A Slugfest At The New Stadium
More balls have been flying out of Yankee Stadium during the month of April than airplanes out of Kennedy International. During the first six games at the new ballpark, the Yankees and opponents hit a combined 26 home runs, just passing Kansas City Municipal Stadium’s record of 25 for the most homer-happy new ballpark in baseball history. Here is a look at the long balls hit in Kansas City during the start of the 1955 season.
In 1923, Kansas City Blues owner George E. Muehlebach decided to build a new stadium for his club, a team in the minor-league American Association. Over the next few decades, the Blues and the Kansas City Monarchs of the Negro League played in Muehlebach Stadium. The first Negro League World Series game was held at the stadium in 1924. In 1938, after the Blues were purchased by the New York Yankees, New York owner Jacob Ruppert named his newly-acquired ballpark after himself. In 1943, a few years after Ruppert passed away, the stadium was renamed Blues Stadium.
On October 12th, 1954, Chicago businessman Arnold Johnson purchased the American League’s Philadelphia Athletics and promptly moved the team to Kansas City for the 1955 season. Already the owner of Blues Stadium, Johnson sold the ballpark back to the city, then signed a lease agreement with the city that would allow him to leave Kansas City if he did not receive satisfactory attendance. Sometime before Opening Day, the city renamed the park Kansas City Municipal Stadium.
The dimensions at Municipal Stadium were changed during the ballpark’s makeover before opening day. When Muehlebach first built the ballpark for $400,000 in 1923, the outfield fences were set 350 ft. down the foul lines and 450 ft. to dead center. After the park was found to require a $2.5 million dollar renovation for, among other things, adding a second deck, the outfield fences were pushed in. The biggest change was down the left-field line, which went from 350 to 312 feet. The opening day dimensions in 1955 from left to right were: 312-382-432-387-347.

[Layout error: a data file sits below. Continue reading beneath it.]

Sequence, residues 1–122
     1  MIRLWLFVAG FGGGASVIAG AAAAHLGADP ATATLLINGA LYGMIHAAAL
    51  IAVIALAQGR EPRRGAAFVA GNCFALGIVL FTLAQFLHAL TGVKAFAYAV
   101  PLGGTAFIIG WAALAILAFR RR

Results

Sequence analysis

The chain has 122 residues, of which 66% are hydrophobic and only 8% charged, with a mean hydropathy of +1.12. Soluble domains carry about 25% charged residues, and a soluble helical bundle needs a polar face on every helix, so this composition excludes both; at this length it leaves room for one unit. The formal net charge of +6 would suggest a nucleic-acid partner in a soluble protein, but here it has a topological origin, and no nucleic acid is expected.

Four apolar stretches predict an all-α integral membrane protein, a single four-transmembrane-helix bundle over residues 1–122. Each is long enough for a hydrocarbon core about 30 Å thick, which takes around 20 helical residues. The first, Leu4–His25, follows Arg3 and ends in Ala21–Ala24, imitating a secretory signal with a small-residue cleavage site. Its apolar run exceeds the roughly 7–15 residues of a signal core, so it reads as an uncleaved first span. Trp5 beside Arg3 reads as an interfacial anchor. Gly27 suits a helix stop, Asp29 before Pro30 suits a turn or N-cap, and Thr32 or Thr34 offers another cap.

Opening Day for the Athletics in 1955 was on April 12th against the Detroit Tigers. A then-record Kansas City attendance mark of 32,844 were on hand to witness the return of major league baseball to their city. The first home run in the new stadium was hit by Tigers catcher Red Wilson (1), who homered off A’s starter Alex Kellner in the fifth to tie the game up at two apiece. With the score 5-2 Athletics in the eighth, Kansas City outfielder Bill Wilson completed his 3-for-3 day at the plate by leading off the inning with a solo shot (2). That was the last run scored on opening day as the Athletics began the season in their new home with a 1-0 record.
The final game of the opening series with the Tigers featured the visitors running away with the game but only one big fly, a solo home run off the bat of Detroit shortstop Harvey Kuenn (3) in the third. Kuenn scored the first run of the four-run third for Detroit and, off the strength of that inning, the Tigers rolled to a 10-2 victory. After the game, the A’s disappeared for a three game road trip and lost all three to drop their record to 1-4. The team returned to Municipal Stadium on April 18th for a home date with the Cleveland Indians.
Over 31,000 fans witnessed a very exciting baseball game between the A’s and Indians and they also saw tons of balls fly over the outfield fence at Municipal Stadium. The action began in the third, when, with the score already 2-0 home side, Jim Finigan took Cleveland starter Mike Garcia deep (4) to make the game 4-0. Indians manager Al Lopez then lifted Garcia in favor for reliever Ray Narleski, who came in and gave up two solo home runs to Gus Zernial (5) and Wilson (6). After three complete innings, the Athletics had jumped out to a 6-0 lead.
Narleski couldn’t stop giving up gopher balls on the afternoon. In the fourth with a man on, Vic Power powered a pitch over the outfield fence (7) to give the Athletics a huge 8-0 edge. Narleski was pulled at the end of the inning after surrendering three home runs over one and two-thirds innings. However, the Indians would come charging back and cut the Kansas City lead down to one. In the seventh, though, Bill Renna hit the Athletics’ fifth home run of the day (8), this one another solo shot to make the lead 9-7 for the home team.
Cleveland added one in the eighth to trim the lead back down to one and in the ninth, with two men on and two outs, Indian outfielder Larry Doby hit the game’s sixth and most important home run (9), a three run homer off A’s reliever Ewell Blackwell to give Cleveland their first lead of the game. Bob Feller made a rare relief appearance for the Indians in the ninth and shut the door on Kansas City, who would lose a heart breaker, 11-9, despite hitting five of the game’s six home runs.